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Over the past months I have been developing an application using Vulkan. Recently I have implemented loading 3d models from .fbx files and their associated .png textures. At this point there appears to be no performance issues until you look at the memory usage.

A single, 4096x4096 10mb .png file after loaded is spiking memory usage over 500mb. Loading an 80,000 polygon .fbx file is spiking memory usage over 2GB! during the loading process and then it levels down around 800mb. That is still 800mb for loading 1 model and 1 texture and this is just on the CPU.

On the GPU, which as considerably less available ram than the CPU, just by looking at task manager, is showing about the same amount of usage. If I load in more model+texture pairs I can see memory usage on the GPU's graph take large steps up after transfer operations complete.

At this rate I wont be able to have but only a small handfull of objects in an entire scene.

So what am I doing wrong here? Just what important factor have I completely overlooked when designing this application?

This is a learn-as-you-go project, and i'm proud of myself for getting this far, but this memory issue is absolutely dumbfounding and I haven't a clue.

If anyone want's to have a rummage around in my code the project is up on GitHub.

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  • \$\begingroup\$ A 4096×4096 image is anything but simple for a GPU. PNG is not a format that GPUs can store textures as, so that image needs to be decompressed. It's an easy calculation: 4096×4096×4 is 64mb. \$\endgroup\$ – Maximus Minimus Nov 27 '19 at 1:06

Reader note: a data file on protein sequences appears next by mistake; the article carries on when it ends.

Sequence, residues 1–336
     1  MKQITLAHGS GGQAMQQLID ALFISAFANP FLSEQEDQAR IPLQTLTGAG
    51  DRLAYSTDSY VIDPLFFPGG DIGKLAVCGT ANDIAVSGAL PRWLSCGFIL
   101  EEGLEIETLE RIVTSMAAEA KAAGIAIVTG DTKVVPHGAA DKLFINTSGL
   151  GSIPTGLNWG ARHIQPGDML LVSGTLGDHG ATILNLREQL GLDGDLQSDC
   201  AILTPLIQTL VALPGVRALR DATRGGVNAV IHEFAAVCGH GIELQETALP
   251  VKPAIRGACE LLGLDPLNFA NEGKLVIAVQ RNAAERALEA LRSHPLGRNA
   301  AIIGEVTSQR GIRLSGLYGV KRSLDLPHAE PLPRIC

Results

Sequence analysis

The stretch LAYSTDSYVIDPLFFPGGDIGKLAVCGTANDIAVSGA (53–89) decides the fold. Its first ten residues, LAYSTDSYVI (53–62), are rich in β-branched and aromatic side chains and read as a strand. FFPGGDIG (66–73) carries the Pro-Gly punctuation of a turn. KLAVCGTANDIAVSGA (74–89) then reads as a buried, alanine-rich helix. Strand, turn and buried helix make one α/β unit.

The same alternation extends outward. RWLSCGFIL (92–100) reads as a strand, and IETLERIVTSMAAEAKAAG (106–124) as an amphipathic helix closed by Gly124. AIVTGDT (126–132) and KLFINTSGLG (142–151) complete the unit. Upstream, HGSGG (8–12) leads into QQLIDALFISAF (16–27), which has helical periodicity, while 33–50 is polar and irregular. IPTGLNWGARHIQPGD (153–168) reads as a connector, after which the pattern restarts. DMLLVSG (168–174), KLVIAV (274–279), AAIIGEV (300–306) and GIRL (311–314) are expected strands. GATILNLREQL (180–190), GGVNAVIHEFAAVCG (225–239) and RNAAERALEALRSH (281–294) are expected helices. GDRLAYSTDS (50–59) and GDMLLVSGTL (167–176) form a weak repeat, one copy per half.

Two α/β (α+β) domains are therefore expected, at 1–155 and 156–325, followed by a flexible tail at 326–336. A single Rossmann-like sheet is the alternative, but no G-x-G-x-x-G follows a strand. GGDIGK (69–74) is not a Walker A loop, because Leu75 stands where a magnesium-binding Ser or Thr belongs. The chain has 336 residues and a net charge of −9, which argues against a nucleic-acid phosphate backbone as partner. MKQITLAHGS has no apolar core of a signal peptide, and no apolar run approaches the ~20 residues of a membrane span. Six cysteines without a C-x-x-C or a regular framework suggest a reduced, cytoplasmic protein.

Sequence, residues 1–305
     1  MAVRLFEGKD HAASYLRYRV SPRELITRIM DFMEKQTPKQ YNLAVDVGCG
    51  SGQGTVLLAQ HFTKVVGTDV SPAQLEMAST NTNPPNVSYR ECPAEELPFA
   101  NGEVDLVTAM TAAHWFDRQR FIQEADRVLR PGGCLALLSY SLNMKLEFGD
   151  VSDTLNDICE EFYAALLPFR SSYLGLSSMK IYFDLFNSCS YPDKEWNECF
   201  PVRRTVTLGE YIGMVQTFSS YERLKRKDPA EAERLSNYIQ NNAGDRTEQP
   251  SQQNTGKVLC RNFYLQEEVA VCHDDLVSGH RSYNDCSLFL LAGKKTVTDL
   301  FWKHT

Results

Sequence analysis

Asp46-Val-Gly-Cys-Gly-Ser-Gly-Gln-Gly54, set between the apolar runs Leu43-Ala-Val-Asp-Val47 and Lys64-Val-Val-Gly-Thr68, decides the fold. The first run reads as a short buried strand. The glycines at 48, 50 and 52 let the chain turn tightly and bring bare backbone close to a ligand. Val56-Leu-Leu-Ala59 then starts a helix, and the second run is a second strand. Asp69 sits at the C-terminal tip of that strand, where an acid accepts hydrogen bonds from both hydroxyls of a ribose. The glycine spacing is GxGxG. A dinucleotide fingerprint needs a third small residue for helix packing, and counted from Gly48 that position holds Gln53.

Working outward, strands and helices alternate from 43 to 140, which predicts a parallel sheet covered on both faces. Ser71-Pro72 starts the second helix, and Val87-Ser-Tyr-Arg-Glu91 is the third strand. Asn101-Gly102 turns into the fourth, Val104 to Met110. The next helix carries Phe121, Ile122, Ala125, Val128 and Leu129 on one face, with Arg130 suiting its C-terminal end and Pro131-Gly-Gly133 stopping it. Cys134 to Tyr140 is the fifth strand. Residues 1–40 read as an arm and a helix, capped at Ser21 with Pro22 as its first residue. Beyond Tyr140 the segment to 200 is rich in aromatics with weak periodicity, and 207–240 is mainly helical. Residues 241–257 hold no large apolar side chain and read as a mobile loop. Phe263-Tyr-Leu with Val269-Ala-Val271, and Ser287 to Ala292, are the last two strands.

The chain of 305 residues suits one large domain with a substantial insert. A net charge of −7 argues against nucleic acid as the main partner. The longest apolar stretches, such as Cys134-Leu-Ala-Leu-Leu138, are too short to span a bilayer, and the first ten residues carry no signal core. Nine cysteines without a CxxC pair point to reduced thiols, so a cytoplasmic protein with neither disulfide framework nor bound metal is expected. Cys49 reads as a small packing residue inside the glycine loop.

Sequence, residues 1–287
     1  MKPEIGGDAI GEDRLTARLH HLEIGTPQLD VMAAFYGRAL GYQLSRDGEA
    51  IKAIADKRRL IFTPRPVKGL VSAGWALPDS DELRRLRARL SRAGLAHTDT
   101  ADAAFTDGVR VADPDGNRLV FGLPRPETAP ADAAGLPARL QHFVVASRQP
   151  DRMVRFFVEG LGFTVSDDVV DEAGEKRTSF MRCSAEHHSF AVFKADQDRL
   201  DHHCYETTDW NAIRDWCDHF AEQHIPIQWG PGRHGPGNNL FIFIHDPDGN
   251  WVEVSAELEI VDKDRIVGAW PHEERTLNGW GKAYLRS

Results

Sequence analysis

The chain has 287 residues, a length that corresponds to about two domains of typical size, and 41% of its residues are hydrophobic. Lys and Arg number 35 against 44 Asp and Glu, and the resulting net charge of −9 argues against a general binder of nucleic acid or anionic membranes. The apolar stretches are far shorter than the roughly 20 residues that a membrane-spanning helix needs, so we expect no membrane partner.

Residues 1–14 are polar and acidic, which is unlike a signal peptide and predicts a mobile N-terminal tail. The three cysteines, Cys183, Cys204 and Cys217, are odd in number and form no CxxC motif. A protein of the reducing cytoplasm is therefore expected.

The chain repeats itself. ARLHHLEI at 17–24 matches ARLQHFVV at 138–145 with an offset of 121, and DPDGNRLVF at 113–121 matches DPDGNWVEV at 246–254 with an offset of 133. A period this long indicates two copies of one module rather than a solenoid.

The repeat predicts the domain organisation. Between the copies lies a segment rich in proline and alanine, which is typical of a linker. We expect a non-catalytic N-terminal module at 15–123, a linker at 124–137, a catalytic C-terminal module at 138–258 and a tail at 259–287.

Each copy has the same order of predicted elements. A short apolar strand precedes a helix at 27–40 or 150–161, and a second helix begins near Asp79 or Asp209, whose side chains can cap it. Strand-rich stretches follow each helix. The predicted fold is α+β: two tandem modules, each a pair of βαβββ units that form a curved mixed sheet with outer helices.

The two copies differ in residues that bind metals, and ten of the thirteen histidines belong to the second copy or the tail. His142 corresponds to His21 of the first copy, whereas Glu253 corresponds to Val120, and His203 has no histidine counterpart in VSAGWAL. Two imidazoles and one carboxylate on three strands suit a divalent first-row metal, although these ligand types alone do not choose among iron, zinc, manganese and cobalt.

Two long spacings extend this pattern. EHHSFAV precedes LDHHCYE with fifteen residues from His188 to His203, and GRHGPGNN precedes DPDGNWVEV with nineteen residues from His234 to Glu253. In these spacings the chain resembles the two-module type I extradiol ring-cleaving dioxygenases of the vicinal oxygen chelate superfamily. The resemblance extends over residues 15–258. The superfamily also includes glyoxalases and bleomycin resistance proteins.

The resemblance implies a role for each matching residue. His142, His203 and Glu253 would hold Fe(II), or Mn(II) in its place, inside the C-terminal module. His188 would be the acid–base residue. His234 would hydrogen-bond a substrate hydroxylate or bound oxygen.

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Generic advices.

Don't use png. It's good for intermediate image processing, acceptable in some test runs, but it's quite slow for loading and needs extra ram for decompressing.

Use the texture file formats that's very close to the data format that will be actually consumed by gpu - dds/ktx/pkm - whatever that supports your target hardware's texture compression (bc1/bc3/bc5/etc) and will allow you do read the binary dump directly without processing. You can pack that later with zlib as part of the game's resources archive.

Same applies to 3d model formats. If something is good for exchanging geometry between different modelling software - like FBX or Collada - then it's overly generic, it will require some (or lots) processing upon loading, and will fragment your memory.

And don't judge about your app's consumption by looking in the task manager. Use some profiling tool to actually track the allocations done by the app.

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